Thanks for posting the links @jeremie
2 articles about Parsa from Panthera and ZSL, and one about Bardia from WWF.
Reading the links about Parsa some things struck me, they don't mention actual numbers only percentages, and the percentages between the articles didn't match. I wondered why, and since I love numbers I looked a bit deeped into it.
The 2016 survey confirms that Parsa specifically has seen around a 45% annual increase in its tiger population.
In 2013 Nepal was estimated to support 198 Bengal tigers; the latest survey confirms that Parsa is now home to approximately 90% more.
Let's just ignore that grammatically the quote from ZSL doesn't make sense, as if Parsa alone would have 90% more tigers now than the whole of Nepal in 2013.
A 45% annual increase over 2-3 years doesn't equal a 90% total increase, odd.
But how many tigers are we talking about in Parsa?
Here is an article which mentions the number of tigers in Parsa:
Parsa Wildlife Reserve increased tigers to seven from four
Three(!) tigers! Is that really reason for big news? And these are estimates and estimates come with uncertainty. So I looked into the 2013 report (found here) to see what numbers were estimated and what the uncertainty in those estimates were.
In that report they use two different software programs to estimate the number of tigers (CAPTURE and DENSITY), these are the reported estimates:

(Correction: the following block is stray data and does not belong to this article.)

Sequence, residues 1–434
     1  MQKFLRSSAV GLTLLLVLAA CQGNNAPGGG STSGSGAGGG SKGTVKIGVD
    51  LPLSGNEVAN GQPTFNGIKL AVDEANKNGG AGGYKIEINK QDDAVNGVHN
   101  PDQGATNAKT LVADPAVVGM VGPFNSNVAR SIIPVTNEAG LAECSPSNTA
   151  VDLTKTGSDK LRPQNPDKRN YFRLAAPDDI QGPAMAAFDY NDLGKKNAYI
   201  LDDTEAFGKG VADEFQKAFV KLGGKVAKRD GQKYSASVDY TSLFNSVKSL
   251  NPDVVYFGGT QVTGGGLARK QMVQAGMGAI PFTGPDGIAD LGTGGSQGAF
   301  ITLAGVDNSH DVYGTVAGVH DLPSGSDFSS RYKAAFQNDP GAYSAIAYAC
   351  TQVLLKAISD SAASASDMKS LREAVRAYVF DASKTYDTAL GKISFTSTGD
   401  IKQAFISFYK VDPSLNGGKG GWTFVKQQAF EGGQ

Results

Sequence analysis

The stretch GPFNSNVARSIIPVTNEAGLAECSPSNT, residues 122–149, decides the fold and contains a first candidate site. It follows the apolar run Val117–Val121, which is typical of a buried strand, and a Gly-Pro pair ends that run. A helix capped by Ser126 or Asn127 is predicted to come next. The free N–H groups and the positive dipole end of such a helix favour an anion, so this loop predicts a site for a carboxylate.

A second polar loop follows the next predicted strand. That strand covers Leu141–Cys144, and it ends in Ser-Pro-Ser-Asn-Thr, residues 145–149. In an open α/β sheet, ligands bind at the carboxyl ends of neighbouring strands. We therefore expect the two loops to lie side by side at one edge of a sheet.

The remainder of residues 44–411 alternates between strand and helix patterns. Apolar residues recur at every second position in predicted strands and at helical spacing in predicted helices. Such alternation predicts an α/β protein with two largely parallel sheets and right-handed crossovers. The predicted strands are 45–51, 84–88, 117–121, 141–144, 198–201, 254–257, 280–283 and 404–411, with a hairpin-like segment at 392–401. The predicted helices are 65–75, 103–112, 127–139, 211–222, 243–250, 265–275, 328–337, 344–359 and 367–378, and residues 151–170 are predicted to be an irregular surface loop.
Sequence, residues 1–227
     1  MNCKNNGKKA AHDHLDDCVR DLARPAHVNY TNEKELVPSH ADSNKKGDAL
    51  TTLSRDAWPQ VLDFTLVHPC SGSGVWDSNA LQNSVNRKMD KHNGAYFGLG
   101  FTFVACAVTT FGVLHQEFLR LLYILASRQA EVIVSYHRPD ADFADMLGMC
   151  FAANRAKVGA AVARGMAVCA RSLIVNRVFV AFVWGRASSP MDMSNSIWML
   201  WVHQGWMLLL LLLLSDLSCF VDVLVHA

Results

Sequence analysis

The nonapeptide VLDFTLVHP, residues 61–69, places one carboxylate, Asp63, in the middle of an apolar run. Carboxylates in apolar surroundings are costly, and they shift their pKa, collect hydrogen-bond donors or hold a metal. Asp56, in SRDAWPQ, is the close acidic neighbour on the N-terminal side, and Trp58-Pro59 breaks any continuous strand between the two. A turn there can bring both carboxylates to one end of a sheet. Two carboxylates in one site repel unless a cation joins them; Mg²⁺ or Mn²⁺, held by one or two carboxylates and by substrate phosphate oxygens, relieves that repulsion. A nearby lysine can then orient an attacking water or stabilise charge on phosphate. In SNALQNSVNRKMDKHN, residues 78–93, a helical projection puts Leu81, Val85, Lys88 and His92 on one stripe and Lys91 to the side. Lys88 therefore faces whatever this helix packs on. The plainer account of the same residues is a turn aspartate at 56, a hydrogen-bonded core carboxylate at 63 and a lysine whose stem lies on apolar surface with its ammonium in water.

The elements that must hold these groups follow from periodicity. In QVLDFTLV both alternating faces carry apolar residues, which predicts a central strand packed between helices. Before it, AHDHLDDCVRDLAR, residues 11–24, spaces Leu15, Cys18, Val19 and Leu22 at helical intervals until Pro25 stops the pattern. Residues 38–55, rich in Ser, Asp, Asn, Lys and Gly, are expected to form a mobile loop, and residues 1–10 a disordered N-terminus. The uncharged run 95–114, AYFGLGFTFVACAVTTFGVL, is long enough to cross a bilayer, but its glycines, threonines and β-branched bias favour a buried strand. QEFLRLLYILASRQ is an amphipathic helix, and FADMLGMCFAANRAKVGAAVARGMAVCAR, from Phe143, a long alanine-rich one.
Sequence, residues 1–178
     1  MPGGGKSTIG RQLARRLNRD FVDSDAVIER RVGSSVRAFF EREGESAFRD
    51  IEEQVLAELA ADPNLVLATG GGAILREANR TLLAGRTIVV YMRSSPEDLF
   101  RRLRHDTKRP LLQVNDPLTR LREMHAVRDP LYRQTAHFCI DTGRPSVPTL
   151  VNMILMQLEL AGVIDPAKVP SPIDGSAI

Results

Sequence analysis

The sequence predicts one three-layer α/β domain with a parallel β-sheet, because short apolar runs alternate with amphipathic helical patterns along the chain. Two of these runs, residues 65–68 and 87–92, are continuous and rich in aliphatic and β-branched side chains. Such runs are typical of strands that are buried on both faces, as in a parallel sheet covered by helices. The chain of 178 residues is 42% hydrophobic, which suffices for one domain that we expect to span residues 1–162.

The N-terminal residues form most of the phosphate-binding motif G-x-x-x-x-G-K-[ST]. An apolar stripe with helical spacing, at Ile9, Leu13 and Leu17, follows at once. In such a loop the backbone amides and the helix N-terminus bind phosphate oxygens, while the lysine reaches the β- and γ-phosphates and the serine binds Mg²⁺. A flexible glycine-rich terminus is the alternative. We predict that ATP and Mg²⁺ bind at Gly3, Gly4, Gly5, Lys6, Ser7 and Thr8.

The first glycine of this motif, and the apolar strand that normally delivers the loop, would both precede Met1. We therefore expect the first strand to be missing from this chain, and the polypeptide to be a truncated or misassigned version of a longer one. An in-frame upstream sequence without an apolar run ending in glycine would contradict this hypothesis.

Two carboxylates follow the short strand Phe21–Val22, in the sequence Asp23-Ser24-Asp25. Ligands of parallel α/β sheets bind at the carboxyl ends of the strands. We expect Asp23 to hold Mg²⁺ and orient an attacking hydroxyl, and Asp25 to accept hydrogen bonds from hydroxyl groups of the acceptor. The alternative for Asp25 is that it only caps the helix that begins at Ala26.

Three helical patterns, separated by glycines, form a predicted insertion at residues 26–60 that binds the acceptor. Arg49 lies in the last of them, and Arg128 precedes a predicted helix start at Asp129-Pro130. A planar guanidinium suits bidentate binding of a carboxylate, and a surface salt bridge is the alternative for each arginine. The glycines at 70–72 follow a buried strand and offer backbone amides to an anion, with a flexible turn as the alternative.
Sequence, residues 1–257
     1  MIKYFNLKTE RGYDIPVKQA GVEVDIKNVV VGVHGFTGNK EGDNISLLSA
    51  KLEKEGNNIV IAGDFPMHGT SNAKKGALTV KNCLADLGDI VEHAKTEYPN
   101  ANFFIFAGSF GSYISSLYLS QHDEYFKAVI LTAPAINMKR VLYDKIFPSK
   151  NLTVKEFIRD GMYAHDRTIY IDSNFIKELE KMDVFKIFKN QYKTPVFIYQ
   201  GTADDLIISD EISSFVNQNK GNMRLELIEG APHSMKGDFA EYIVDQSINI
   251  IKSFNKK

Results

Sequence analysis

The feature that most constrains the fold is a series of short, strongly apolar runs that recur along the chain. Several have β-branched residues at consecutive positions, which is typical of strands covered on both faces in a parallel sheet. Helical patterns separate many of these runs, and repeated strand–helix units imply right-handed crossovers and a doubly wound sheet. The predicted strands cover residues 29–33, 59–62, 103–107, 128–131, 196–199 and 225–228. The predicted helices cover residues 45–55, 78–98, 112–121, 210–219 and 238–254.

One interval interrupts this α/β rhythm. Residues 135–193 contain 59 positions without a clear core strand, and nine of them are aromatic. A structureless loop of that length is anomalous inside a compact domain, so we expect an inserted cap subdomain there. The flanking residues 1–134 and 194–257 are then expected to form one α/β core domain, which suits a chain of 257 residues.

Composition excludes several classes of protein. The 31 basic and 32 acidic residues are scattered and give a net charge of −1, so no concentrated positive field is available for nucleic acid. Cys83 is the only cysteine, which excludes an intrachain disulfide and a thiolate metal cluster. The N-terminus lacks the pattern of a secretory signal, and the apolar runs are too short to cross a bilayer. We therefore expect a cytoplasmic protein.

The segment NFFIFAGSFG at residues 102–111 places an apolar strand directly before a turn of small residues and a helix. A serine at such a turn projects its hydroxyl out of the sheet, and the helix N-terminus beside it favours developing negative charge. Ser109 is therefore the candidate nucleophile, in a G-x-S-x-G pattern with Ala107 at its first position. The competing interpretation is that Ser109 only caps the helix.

CAPTURE: 5, ranging from 5 to 11 (95% confidence interval)
DENSITY: 4, ranging from 4 to 9 (95% confidence interval)
In other words, in 2013 they were 95% certain that there were between 5 and 11 tigers in Parsa (or between 4 and 9, depending on the software program used). Now, they estimate 7 tigers. So can they claim with certainty that this is an increase from 2013? I don't think so...there could just as well have been 11 in 2013.
Looking at the article about Bardia from WWF. Bardia has more tigers and the article states:
A tiger monitoring study conducted in Bardia National Park in Nepal's Terai Arc Landscape has estimated 56 wild tigers, an increase of six from the 2013 estimate for the national park.
Again, only the best estimate is given, no indication of the uncertainty in the estimate. But the numbers can be found in the same report again.
The current reported number of 56 is lies well within the confidence limits of the estimate in 2013, so you can't make any claims of an increasing population.
So based on this data there is not really any evidence of growing tiger populations between 2013 and 2016 in those areas.
Are claims like this valid: Panthera:
Tiger Population Rebounds in Parsa, Nepal, Instilling Hope for the Species
Roaring success as tiger population rises in Nepal
As there is not really any evidence of a growing tiger population in Parsa, and as it only concerns a handful of tigers anyway, I don't think such claims can be made. In fact, both Panthera and ZSL have good scientists, who know what estimates are, and what confidence intervals around estimates mean. But with tiger day in mind, it seemed that the need to publish a success story was bigger than to publish truth.
What would be more truthful? The populations of tigers in Parsa and Bardia seem to be stable and are possibly increasing (but the latter depends on the confidence intervals, which aren't published yet, around the published estimates).